Monday, September 20, 2010

How to Figure out if Condo Fees are Appropriate for a Particular Building.



When looking at a condo especially in Hoboken, you need to consider whether or not the condominium associations has strong 'financials'.  What does this mean?

Does the building have appropriate maintenance dues to cover the cost it the associations annual budget?  In any budget there are expenses that occur every month or every season, commonly referred to as normal operating expenses and then there are long term costs such as a new roof or new water main line.  These expenses that occur every few years are typically called capital expenditures.  When assessing whether or not an association is appropriately funded, you need to take into account whether or not it is appropriately saving for these longer term, 'every once in a while' expenses.  The building should also just have some ready savings around for the unexpected e.g., a tree that falls on the building in a storm. 

To figure out how much a condo has to pay in maintenance and to assess if it and the reserve amounts are enough to be considered in good standing, take the budget and divided by the total square footage of the units in total and then multiple by the square footage of the unit you are considering divided by 12 to get the monthly rate.

Look at the budget.  Are they just allocating operating expenses are is there any estimate for upcoming capital expenses?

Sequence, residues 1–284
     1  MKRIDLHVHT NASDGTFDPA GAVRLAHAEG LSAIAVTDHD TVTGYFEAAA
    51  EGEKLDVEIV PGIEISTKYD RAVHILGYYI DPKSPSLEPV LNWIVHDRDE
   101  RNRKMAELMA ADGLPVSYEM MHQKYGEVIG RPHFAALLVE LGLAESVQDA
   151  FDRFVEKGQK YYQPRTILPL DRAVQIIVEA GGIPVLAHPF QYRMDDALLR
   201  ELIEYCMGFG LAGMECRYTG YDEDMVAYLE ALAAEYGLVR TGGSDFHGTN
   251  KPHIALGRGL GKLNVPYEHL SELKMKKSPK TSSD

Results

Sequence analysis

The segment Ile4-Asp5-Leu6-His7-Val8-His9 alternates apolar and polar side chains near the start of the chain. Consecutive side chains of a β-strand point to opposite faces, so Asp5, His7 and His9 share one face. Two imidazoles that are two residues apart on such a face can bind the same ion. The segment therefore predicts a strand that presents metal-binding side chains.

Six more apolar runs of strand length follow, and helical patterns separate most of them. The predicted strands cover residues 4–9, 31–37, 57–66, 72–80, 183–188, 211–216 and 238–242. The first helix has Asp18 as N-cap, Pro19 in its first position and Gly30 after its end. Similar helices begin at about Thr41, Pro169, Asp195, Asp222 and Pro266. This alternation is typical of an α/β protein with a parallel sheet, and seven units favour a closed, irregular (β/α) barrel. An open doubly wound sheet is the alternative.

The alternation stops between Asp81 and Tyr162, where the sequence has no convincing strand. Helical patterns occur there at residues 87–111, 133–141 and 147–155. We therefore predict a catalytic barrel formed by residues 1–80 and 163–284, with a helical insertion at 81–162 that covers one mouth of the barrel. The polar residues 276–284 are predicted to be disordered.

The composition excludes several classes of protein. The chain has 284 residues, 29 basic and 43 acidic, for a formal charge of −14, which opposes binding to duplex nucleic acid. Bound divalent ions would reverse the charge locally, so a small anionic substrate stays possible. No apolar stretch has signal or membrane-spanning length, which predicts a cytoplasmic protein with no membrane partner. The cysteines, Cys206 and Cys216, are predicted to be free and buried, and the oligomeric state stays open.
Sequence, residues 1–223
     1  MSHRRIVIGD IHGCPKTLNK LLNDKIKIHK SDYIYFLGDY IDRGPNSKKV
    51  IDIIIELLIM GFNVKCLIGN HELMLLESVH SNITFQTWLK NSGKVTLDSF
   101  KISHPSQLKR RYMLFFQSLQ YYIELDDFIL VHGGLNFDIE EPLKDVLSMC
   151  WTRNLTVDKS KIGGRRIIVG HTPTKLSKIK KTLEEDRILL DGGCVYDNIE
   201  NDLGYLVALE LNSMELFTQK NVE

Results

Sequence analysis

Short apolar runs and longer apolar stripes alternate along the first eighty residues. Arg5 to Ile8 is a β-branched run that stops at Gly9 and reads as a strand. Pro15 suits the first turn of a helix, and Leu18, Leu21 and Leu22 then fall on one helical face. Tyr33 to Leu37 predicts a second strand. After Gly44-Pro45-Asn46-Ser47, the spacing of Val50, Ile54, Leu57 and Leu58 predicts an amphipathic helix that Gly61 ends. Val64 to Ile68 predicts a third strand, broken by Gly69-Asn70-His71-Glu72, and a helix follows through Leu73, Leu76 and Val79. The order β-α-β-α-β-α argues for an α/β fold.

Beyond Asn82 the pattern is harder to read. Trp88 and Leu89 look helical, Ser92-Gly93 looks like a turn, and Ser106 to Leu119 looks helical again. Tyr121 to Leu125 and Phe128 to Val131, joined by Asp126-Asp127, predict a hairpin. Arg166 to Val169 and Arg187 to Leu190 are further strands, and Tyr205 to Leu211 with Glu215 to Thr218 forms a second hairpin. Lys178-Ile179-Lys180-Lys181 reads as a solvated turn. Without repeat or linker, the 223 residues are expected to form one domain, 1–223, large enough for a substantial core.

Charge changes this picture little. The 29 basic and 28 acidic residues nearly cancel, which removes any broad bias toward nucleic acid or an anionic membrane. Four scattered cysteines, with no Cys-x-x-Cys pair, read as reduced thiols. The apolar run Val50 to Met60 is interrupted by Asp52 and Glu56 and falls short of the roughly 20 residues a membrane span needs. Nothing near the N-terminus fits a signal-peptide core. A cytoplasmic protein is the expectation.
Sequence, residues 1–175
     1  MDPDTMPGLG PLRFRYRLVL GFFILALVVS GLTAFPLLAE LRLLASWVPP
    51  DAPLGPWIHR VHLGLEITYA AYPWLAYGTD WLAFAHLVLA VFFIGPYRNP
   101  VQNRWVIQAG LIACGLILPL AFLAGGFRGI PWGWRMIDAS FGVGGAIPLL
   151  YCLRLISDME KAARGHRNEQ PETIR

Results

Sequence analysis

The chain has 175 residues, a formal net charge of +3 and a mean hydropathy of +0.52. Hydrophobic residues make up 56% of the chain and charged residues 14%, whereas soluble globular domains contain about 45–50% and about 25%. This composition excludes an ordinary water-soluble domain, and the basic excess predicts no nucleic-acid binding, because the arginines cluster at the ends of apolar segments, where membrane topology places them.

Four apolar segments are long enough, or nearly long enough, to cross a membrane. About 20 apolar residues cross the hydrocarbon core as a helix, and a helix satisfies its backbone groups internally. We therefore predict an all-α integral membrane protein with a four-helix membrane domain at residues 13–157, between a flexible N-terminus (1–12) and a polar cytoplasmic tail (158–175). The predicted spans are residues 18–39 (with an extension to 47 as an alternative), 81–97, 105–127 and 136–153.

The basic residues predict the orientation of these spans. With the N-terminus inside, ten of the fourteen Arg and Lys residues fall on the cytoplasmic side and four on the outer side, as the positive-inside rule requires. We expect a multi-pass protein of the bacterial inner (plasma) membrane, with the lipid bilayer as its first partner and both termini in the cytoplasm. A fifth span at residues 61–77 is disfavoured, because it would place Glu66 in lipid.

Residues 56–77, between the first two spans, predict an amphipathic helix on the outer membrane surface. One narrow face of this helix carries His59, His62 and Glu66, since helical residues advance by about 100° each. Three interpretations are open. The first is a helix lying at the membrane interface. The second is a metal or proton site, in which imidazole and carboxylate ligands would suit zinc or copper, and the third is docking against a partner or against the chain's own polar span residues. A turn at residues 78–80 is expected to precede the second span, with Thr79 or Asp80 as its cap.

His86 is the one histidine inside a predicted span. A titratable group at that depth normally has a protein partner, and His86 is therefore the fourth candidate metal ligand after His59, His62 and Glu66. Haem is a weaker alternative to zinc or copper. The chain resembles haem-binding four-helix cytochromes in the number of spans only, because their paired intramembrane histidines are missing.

The amount of maintenance dues will vary with the building's amenity level.  If there are employees dedicated to the building such as full time supers or concierge or if there is an elevator or other like a pool the operating budget will be higher per square foot.   Elevators, pools and employees push the cost up significantly due to the need to bring in skilled maintenance people, insurance and employee benefit costs. 

Another big factor to consider when evaluating the condition of the financials is the condition of the building.  Has the building been kept up? Or are there many capital expenditures coming?  A new roof for a 25 foot wide, 75 foot deep tenament building is in the $6-8K range.  A new watermain can cost about $10K.  Repointing the building is another expensive cost.  Are the windows the responsibility of the individual owner or the association?  So, it's important to know when these common element items were last updated.  Your inspector will help you evaluate the effective age of these items and your real estate agent can help you with looking at the financials.

Hoboken real estate has a mix of old and new properties.  When buying a unit in an older building, you should expect more maintenance projects.  You should also expect that the condo association has been saving for them all along.  Newer Hoboken real estate developments may have more services that push up the maintenance per square foot. 

Information Provided by Donna Antonucci
Prudential Castle Point Realty
201-240-6832
donnaantonucci@gmail.com
http://www.hobokenrealestatemonitor.com/
http://www.hobokenrealestatevalue.com/


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